Many more UK couples are seeking surrogacies in India due to cost reasons, but these surrogacies raise questions about the rights of the Gestational Carrier. It is very hard to determine how informed the carrier is, as contracts are generally not used, and terms can often be fuzzy. As the article below demonstrates, it is very near the borderline of “paying for” a baby, especially when the Gestational Carrier may or may not receive the money herself, and may not be clear that she is not going to keep the baby or indeed, ever see it again. Certainly, the fact that the Carrier referenced in thr article needed “reminding” that the babies were not hers is very troubling. Although cost is certainly a factor in all artificial reproduction, we’ve found that there are ways to pay a reasonable amount while still avoiding any issues of exploitation and “baby selling” that may be involved in an Indian surrogacy.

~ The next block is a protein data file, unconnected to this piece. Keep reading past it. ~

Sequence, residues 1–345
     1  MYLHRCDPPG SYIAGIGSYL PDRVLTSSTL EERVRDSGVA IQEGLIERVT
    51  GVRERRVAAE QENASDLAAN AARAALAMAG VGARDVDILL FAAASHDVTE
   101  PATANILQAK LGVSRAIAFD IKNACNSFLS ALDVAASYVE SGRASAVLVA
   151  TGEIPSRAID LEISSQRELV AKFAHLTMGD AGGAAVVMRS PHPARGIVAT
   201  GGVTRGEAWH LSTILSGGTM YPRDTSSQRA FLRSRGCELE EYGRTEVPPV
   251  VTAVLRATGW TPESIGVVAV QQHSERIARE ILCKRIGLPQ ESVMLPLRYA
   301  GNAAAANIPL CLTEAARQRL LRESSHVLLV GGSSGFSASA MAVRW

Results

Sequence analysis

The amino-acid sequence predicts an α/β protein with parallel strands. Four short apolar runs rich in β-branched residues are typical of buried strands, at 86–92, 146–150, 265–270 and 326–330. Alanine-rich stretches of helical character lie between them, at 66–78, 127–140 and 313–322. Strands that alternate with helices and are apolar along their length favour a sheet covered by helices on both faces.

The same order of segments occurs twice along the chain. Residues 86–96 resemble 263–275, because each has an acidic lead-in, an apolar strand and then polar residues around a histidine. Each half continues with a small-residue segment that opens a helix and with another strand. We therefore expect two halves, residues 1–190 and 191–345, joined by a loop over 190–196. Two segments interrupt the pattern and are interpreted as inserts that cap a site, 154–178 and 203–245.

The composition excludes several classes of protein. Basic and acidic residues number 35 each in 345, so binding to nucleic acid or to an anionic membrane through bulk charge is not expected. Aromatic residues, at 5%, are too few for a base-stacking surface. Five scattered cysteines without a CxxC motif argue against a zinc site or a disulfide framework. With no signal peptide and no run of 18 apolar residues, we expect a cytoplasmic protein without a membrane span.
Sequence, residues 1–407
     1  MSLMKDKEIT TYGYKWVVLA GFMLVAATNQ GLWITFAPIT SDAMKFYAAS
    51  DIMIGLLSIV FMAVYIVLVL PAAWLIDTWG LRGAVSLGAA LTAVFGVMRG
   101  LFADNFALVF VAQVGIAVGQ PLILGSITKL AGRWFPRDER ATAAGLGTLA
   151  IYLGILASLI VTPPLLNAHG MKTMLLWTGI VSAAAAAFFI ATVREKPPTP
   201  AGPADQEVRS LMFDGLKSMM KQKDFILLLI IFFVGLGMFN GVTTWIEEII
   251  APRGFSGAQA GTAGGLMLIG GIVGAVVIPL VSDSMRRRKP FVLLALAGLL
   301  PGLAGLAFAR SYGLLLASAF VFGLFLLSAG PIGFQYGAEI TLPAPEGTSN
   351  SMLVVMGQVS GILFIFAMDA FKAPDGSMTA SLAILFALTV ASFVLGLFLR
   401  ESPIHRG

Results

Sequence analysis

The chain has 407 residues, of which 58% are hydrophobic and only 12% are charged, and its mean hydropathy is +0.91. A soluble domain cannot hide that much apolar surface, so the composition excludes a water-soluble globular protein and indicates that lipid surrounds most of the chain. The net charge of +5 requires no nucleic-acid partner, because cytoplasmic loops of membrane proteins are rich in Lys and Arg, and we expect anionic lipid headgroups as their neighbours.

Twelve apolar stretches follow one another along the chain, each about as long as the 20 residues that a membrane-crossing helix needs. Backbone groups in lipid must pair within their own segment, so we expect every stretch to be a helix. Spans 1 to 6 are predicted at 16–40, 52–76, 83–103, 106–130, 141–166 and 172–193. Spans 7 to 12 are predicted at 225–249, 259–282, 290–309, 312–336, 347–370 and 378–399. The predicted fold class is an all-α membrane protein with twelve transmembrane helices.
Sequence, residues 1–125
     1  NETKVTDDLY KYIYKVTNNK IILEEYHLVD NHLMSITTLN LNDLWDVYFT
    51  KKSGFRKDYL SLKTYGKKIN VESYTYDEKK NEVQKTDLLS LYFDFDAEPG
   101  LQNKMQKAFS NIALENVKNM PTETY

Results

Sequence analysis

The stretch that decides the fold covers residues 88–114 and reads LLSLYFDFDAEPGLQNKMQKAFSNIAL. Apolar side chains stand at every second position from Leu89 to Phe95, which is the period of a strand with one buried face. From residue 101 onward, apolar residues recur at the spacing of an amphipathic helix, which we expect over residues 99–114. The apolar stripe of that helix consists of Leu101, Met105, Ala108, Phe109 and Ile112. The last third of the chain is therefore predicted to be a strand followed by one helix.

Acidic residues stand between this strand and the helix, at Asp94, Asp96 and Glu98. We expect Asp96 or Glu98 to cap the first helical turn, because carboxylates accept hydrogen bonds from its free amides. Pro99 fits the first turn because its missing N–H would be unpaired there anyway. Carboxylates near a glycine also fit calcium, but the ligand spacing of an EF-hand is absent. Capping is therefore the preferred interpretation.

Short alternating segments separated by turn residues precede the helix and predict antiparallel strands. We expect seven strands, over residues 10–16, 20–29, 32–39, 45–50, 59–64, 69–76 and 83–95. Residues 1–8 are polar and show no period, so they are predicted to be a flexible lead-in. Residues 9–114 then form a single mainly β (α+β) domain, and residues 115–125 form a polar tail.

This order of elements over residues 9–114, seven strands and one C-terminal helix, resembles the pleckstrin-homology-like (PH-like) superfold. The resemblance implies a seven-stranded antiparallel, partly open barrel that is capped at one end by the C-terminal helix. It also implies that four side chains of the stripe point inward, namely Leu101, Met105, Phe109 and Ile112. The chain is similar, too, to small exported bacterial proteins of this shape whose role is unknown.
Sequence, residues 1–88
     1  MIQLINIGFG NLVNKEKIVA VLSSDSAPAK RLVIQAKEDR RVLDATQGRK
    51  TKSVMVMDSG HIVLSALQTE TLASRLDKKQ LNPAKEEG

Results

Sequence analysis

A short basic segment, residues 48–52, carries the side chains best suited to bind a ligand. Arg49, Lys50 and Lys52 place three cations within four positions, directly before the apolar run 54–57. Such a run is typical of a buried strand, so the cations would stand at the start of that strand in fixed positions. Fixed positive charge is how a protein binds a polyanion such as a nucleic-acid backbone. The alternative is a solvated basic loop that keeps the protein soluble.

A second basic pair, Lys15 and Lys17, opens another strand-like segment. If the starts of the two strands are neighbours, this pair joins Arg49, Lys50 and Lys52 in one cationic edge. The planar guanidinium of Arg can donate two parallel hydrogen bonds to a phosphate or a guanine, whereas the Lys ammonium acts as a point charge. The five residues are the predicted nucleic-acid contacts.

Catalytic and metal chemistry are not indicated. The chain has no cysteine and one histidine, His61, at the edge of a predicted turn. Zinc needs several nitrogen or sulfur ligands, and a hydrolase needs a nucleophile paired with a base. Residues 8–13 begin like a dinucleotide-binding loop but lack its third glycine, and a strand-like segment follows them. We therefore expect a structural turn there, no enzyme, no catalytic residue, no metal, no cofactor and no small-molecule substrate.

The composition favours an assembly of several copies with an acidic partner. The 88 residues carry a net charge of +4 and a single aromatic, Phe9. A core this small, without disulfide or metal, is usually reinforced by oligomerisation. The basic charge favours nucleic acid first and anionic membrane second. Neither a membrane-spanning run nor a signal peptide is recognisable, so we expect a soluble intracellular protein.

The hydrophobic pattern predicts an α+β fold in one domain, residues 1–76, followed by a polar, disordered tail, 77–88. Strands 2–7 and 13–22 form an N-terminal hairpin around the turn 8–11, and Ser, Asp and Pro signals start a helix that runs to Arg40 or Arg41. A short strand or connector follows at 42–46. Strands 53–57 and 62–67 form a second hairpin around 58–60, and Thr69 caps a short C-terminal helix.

Exclusive: Rise in number of couples seeking ‘wombs for hire’ abroad
Increase in British couples turning to poor foreign surrogate mothers to have their babies
Wealthy British couples who cannot have children are increasingly seeking “wombs for hire” from women overseas, according to figures obtained by The Independent.
The number of couples formally registering children born to foreign surrogates has nearly trebled in five years, raising concerns that poor women in developing countries are being exploited by rich Westerners.
“Parental orders” granted following surrogacy – to transfer the child from the surrogate mother to the commissioning parents – have risen from 47 in 2007 to 133 in 2011.
While the figures are still relatively small, experts say they understate the true scale of the trade which is driven by agencies operating in countries such as India, drawn by a lack of red tape and the absence of regulation.
There are parallels with the trade in inter-country adoption 20 years ago, when hundreds of children from impoverished families in eastern Europe and the developing world were “sold” to wealthy foreigners, with few checks on their suitability, they claim.